A two-man delegation from the Africa Meningitis Vaccine Project (MenAfrivac) comprising Dr Momodou Harouna Djingarey, focal person of the project; and Rodrigue Barry, communications officer, are currently in the country on a three-day factfinding and advocacy mission. Both of them are based in Ouagadougou, Burkina Faso.
Speaking to journalists at a press briefing held at the World Health Organisation Gambia office at Kotu, Dr Djingarey said their mission is in connection with the launching of the new meningitis vaccine in The Gambia. He explained that the target group for the mass vaccination campaign is between 1-29 years, and is expected to cover 70% of the population.
He said Meningoccocal meningitis is a bacterial form of Meningitis, a serious infection of the meningitis that affects the brain membrane and can cause brain damage. He added that the disease is fatal in 50% of untreated cases. According to him, the new Meningitis vaccine was developed in India and clinical trials, which started in 2005 have been carried out in The Gambia, Ghana, India, Mali and Senegal and have shown the vaccine to be safe and highly immunogenic.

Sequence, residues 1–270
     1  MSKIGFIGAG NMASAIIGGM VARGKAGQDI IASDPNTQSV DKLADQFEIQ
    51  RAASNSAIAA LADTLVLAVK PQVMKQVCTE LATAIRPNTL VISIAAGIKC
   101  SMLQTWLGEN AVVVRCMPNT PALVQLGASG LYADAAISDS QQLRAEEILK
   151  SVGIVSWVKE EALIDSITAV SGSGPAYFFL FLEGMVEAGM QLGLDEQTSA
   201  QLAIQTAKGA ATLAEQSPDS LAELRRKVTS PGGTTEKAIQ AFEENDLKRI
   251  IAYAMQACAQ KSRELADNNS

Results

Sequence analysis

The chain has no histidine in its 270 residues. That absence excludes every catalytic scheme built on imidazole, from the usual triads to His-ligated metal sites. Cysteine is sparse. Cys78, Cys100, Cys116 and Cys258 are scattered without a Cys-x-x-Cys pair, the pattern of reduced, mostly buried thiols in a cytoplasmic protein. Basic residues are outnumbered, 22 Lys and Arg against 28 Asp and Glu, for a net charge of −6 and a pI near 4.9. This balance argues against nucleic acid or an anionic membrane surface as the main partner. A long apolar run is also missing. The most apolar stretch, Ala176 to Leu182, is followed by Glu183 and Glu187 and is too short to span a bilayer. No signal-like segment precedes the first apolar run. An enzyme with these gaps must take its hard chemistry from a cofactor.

Djingarey revealed that the Meningitis vaccine will be launched in The Gambia and Ethiopia this year. He said the Gambia launch will be held in mid-November 2013. He explained that the new vaccine was developed through the Meningitis vaccine project, adding that a product development partnership between WHO and PATH was set up in 2001, with core funding from Bill & Melinda Gates Foundation.
He further remarked that the overall mission of the Meningitis vaccine project is to eliminate Meningitis as a public health problem in sub-Saharan African through the development, testing, introduction and widespread use of conjugate Meningoccocal vaccine. Djingarey also revealed that during the course of their mission in The Gambia, they will also meet with officials of the Ministry of Health and Social Welfare, and UNICEF, among other partners.